I wish that author of this article was kidding, but she’s not. She appears to be a devout Catholic, which is fine with me, but comparing Borderline Personality Disorder (BPD) to demonic possession? I’m sorry, but I can’t let this article go unanswered. She clearly knows little of the dynamics of BPD. I have no idea why she decided to write this article or how she has any knowledge of BPD. OK, before I start, I just want to note that I am not criticizing religion or Christianity or Catholicism. Please don’t bombard me with that kind of email and comments. I am looking at the text of a specific article to try and understand what happens when you look at BPD as a spiritual struggle of good vs evil.
So here goes:
Dealing with Borderlines is like a spiritual warfare.
It is? How so? The remainder of the article doesn’t really answer that question.
What strange traits does a Borderline have that look like demon possession? Low, rasping moans and screams were escaping her mouth, which brought chills down your spine. You looked at her face and saw dark coal eyes, and as the moment intensified, her eyes turned red. Her transformation let you step back as you heard her laughing like a witch. She cursed and cussed you. Her stern voice turned to the most hideous sound you could imagine. In front of you was a woman with a pure-red face spitting anger and rage. It was scary.
Who is “you” in this? The woman’s husband? Where did this come from? “Low, rasping moans and screams”? I’m not sure where this incident comes from or who it is attributed to. I have certainly been the subject of rages in my years as a Non-BP, but this?
This scene is common among people with relationships with a person who has Borderline Personality Disorder (BPD).
It is? How does she know? From where does she gain such knowledge. Is it common among people she knows or what? I have been running an Internet List for Non-BP’s for almost three years now. I have found that this type of experience occurs sometimes within a Non-BP/BP relationship, but common? Hmmm….
“Life is hell” described literally by NONs or non-borderlines, a person who does not have BPD but has a loved one with BPD.
And yes, that is true. Life can seem like hell for Non-BPs (and BPs alike). My question is: From whom did she get this knowledge?
According to BorderlineCentral.com, Borderline Personality Disorder is a “real, diagnosable psychiatric disorder, and its criteria are listed in the Diagnostic and Statistical Manual of Mental Disorders (DSM-IV) published by the American Psychiatric Association.” There has been a stigma in the past for personality disorders such as BPD as a form of demonic possession. Up until the 19th century, personality disorders such as BPD began to take the form of “hysteria” in psychiatry.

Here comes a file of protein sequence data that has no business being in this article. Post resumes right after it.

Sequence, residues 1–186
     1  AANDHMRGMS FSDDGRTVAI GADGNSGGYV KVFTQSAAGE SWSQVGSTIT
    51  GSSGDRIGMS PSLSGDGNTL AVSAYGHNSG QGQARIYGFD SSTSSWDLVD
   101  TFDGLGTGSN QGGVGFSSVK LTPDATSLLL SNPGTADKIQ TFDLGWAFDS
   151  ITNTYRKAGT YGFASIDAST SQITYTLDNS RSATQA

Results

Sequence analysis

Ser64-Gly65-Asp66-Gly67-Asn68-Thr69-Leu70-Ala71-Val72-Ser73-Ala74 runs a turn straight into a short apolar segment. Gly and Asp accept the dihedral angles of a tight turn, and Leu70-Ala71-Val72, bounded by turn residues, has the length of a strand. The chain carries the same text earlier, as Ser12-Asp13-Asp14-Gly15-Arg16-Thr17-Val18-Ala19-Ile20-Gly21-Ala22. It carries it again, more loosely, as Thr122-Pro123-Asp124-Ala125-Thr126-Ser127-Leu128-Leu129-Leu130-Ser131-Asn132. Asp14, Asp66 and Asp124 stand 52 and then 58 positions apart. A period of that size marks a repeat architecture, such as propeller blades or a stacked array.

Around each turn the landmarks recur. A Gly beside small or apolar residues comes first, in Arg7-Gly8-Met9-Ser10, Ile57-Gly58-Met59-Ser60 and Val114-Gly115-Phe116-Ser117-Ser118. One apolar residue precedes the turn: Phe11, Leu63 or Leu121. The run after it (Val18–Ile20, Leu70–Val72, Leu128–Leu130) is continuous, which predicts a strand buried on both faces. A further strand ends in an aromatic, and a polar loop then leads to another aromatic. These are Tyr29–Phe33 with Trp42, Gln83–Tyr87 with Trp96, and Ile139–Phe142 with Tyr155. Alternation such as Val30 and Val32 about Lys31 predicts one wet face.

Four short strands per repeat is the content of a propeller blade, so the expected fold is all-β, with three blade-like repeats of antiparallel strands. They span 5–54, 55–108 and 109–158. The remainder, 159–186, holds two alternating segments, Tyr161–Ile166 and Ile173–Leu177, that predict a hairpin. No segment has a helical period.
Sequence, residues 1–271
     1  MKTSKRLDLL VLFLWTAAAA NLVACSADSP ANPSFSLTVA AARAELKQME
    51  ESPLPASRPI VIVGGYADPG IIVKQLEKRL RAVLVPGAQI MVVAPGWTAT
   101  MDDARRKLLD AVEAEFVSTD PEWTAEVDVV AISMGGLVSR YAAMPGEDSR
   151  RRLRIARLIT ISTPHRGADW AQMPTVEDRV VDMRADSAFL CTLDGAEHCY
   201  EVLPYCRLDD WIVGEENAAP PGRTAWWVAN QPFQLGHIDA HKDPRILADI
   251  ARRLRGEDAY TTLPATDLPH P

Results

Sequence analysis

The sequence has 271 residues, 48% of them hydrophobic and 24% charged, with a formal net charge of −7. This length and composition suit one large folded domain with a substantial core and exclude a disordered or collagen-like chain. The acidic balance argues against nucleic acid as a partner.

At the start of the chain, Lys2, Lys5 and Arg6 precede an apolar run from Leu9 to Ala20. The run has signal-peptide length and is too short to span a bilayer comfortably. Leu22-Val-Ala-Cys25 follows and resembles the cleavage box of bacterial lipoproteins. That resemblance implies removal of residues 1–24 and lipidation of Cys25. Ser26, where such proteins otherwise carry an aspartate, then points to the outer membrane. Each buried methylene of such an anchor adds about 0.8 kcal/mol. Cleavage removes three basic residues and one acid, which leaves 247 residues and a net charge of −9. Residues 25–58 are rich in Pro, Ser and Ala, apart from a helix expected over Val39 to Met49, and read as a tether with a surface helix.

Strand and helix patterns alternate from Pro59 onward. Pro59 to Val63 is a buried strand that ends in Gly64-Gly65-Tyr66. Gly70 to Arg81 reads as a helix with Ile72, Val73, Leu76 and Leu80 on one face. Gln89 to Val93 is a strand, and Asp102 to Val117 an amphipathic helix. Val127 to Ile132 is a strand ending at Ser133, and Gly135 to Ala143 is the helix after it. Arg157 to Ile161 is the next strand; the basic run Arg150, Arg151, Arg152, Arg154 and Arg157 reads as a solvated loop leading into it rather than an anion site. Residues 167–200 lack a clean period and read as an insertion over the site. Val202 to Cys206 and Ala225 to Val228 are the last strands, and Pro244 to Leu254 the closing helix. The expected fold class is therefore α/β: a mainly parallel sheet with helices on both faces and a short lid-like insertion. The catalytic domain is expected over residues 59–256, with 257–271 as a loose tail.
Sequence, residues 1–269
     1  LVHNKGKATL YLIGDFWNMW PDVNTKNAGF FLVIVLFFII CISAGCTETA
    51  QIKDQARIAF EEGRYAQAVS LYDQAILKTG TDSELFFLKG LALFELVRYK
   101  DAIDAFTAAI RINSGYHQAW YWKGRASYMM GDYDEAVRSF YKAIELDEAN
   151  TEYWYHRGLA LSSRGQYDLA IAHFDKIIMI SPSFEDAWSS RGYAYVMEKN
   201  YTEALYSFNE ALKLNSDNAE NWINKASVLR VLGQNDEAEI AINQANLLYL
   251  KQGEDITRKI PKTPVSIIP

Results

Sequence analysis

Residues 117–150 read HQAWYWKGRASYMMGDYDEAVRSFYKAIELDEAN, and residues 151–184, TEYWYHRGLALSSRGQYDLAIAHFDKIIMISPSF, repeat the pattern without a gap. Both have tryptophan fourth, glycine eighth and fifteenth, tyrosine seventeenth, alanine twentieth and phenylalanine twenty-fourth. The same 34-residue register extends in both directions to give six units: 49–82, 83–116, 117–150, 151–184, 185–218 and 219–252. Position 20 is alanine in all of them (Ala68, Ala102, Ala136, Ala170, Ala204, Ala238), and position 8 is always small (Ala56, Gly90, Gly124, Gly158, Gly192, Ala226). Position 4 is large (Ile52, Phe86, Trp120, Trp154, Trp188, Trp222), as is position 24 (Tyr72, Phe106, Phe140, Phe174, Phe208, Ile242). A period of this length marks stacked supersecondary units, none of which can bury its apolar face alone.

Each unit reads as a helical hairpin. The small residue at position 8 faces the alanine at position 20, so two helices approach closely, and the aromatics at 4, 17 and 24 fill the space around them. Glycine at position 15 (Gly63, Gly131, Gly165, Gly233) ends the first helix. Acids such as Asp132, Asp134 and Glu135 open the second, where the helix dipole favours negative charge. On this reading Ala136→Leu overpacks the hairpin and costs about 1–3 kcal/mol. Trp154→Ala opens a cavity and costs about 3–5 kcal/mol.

OK, so it is a “real, diagnosable psychiatric disorder,” right? And that “there has been a stigma in the past for personality disorders such as BPD as a form of demonic possession.” So, let’s perpetuate that stigma, shall we? I mean, in one sentence she cites a source saying that BPD is a psychiatric disorder and in the next she mentions that in the past there has been a stigma of demonic possession? Where is the rational line of thought here?
Many articles have emerged on a possible link between demon possession and Borderline Personality Disorder.
Many articles? In respected journals or no? By BPD experts or no? Where are these articles?
Christopher H. Rosik in his article from the Journal of Psychology and Theology stated that “They have altered personalities and often exhibit behaviors that appear identical to traditional descriptions of possession: evil-appearing glares, angry voices, self-hatred, self-harm, aversion to God and religion, and other symptoms.”
Alright, I’ve got about 20 problems with this. First of all Christopher Rosik, Ph. D. was a past president of the “Christian Association for Psychological Studies” (see http://www.capswest.org/new/boardpage.asp). He participated as a psychologist in a forum entitled ” Critical Issues in the Dissociative Disorders Field: Six Perspectives from Religiously Sensitive Practitioners” and authored the transcript and review of a compilation of the study (see this link). He consistently publishes in the “Journal of Psychology and Theology” which is not a main-line psychological journal. It is one dedicated to the following purpose:
The purpose of the Journal of Psychology and Theology is to communicate recent scholarly thinking on the interrelationships of psychological and theological concepts, and to consider the application of these concepts to a variety of professional settings. The major intent of the editor is to place before the evangelical community articles that have bearing on the nature of humankind from a biblical perspective. (see https://wisdom.biola.edu/jpt/about.cfm)
So, there’s the source with which I have an initial problem.